Undergraduate Rate Disclosure: Variable rate, based on the one-month London Interbank Offered Rate (“LIBOR”) published in The Wall Street Journal on the twenty-fifth day, or the next business day, of the preceding calendar month. As March 1, 2020, the one-month LIBOR rate is 1.62%. Variable interest rates range from 2.72% – 10.98% (2.72% – 10.83% APR) and will fluctuate over the term of the loan with changes in the LIBOR rate, and will vary based on applicable terms, level of degree earned and presence of a co-signer. Fixed interest rates range from 4.72% – 12.19% (4.72% – 12.04% APR) based on applicable terms, level of degree earned and presence of a co-signer. Lowest rates shown requires application with a co-signer, are for eligible applicants, require a 5-year repayment term, borrower making scheduled payments while in school and include our Loyalty and Automatic Payment discounts of 0.25 percentage points each, as outlined in the Loyalty Discount and Automatic Payment Discount disclosures. Subject to additional terms and conditions, and rates are subject to change at any time without notice. Such changes will only apply to applications taken after the effective date of change. Please note: Due to federal regulations, Citizens One is required to provide every potential borrower with disclosure information before they apply for a private student loan. The borrower will be presented with an Application Disclosure and an Approval Disclosure within the application process before they accept the terms and conditions of the loan.
Federal Loan vs. Private Loan Benefits: Some federal student loans include unique benefits that the borrower may not receive with a private student loan, some of which we do not offer with the Education Refinance Loan. Borrowers should carefully review their current benefits, especially if they work in public service, are in the military, are currently on or considering income based repayment options or are concerned about a steady source of future income and would want to lower their payments at some time in the future. When the borrower refinances, they waive any current and potential future benefits of their federal loans and replace those with the benefits of the Education Refinance Loan. For more information about federal student loan benefits and federal loan consolidation, visit http://studentaid.ed.gov/. We also have several resources available to help the borrower make a decision at http://www.citizensone.com/EdRefinance, including Should I Refinance My Student Loans? and our FAQs. Should I Refinance My Student Loans? includes a comparison of federal and private student loan benefits that we encourage the borrower to review.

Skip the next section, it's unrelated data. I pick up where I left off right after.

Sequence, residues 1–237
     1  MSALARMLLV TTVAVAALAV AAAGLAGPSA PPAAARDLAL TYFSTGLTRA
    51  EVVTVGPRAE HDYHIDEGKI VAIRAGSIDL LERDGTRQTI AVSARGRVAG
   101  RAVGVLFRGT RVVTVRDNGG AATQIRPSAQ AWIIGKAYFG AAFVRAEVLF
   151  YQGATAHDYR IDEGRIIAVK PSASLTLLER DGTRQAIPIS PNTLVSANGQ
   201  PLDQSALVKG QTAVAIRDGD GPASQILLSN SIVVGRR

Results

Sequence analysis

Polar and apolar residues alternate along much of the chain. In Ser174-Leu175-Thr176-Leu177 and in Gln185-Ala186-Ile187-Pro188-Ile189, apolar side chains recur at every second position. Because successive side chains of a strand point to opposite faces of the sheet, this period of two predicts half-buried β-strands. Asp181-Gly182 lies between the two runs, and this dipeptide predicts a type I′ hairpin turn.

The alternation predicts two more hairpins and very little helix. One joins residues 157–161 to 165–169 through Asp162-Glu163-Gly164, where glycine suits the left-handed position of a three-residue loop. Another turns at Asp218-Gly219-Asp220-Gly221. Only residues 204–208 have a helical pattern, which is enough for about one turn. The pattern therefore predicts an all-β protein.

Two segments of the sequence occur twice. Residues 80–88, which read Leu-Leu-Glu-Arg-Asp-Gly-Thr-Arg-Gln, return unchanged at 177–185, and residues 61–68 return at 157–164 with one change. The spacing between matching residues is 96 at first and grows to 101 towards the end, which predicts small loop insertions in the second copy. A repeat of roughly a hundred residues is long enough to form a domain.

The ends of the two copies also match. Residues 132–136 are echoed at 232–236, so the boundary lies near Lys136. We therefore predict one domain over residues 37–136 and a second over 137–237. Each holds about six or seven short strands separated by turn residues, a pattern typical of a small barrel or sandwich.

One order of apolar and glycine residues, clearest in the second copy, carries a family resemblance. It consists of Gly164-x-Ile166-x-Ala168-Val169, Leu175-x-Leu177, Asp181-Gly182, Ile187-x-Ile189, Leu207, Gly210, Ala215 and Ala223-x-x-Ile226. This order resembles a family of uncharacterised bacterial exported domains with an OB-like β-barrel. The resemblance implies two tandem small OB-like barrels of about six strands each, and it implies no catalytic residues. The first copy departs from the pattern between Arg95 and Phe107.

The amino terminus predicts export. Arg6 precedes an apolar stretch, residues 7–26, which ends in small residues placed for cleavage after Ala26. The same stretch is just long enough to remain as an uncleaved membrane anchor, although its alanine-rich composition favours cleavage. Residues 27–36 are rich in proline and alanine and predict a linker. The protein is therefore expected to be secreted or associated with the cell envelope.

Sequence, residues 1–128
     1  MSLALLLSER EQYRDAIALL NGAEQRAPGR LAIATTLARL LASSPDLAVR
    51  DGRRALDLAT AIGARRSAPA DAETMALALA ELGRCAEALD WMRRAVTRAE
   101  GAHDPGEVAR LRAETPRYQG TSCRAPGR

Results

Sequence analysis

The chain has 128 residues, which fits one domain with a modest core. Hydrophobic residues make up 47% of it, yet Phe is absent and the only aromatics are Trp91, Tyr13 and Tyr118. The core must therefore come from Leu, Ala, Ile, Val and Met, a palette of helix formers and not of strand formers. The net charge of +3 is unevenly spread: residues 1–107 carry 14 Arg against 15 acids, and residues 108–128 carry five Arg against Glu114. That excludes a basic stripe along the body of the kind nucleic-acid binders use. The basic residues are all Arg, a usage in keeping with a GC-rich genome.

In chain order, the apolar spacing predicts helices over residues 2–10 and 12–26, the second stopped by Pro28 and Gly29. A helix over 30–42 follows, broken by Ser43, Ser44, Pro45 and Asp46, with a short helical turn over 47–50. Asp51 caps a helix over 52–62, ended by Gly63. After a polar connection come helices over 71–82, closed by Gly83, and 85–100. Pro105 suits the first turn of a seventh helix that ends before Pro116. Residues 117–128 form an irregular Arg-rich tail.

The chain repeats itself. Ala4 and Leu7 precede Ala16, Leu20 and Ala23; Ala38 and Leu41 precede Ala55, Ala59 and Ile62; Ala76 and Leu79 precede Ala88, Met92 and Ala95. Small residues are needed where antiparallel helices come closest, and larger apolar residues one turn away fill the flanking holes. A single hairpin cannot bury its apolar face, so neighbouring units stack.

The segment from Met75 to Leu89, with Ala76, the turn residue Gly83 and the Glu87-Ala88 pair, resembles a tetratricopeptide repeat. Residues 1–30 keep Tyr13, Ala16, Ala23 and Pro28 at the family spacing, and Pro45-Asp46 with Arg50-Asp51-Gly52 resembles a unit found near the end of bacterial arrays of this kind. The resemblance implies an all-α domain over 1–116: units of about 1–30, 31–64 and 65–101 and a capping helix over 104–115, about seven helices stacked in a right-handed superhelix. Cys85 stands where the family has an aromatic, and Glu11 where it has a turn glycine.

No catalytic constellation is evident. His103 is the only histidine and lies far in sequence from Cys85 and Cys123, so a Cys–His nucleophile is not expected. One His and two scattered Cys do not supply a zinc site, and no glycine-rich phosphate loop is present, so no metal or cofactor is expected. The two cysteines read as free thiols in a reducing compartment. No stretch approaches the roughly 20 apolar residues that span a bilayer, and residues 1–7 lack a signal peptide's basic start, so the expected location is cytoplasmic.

Citizens One Student Loan Eligibility: Borrowers must be enrolled at least half-time in a degree-granting program at an eligible institution. Borrowers must be a U.S. citizen or permanent resident or an international borrower/eligible non-citizen with a creditworthy U.S. citizen or permanent resident co-signer. For borrowers who have not attained the age of majority in their state of residence, a co-signer is required. Citizens One reserves the right to modify eligibility criteria at anytime. Interest rate ranges subject to change. Citizens One Student Loans private student loans are subject to credit qualification, completion of a loan application/consumer credit agreement, verification of application information, and if applicable, self-certification form, school certification of the loan amount, and student’s enrollment at a Citizens One Student Loans-participating school.
Please Note: International Students are not eligible for the multi-year approval feature.
Loyalty Discount Disclosure: The borrower will be eligible for a 0.25 percentage point interest rate reduction on their loan if the borrower or their co-signer (if applicable) has a qualifying account in existence with us at the time the borrower and their co-signer (if applicable) have submitted a completed application authorizing us to review their credit request for the loan. The following are qualifying accounts: any checking account, savings account, money market account, certificate of deposit, automobile loan, home equity loan, home equity line of credit, mortgage, credit card account, or other student loans owned by Citizens Bank, N.A. Please note, our checking and savings account options are only available in the following states: CT, DE, MA, MI, NH, NJ, NY, OH, PA, RI, and VT and some products may have an associated cost. This discount will be reflected in the interest rate disclosed in the Loan Approval Disclosure that will be provided to the borrower once the loan is approved. Limit of one Loyalty Discount per loan and discount will not be applied to prior loans. The Loyalty Discount will remain in effect for the life of the loan.
Automatic Payment Discount Disclosure: Borrowers will be eligible to receive a 0.25 percentage point interest rate reduction on their student loans owned by Citizens Bank, N.A. during such time as payments are required to be made and our loan servicer is authorized to automatically deduct payments each month from any bank account the borrower designates. Discount is not available when payments are not due, such as during forbearance. If our loan servicer is unable to successfully withdraw the automatic deductions from the designated account three or more times within any 12-month period, the borrower will no longer be eligible for this discount.
|2.75% – 10.65%*,1||Undergraduate and Graduate|
|2.84% – 10.97%2||Undergraduate, Graduate, and Parents|
|2.80% – 11.37%3||Undergraduate and Graduate|
|3.52% – 9.50%4||Undergraduate and Graduate|
|3.14% – 11.88%5||Undergraduate and Graduate|
|2.72% – 10.98%6||Undergraduate and Graduate|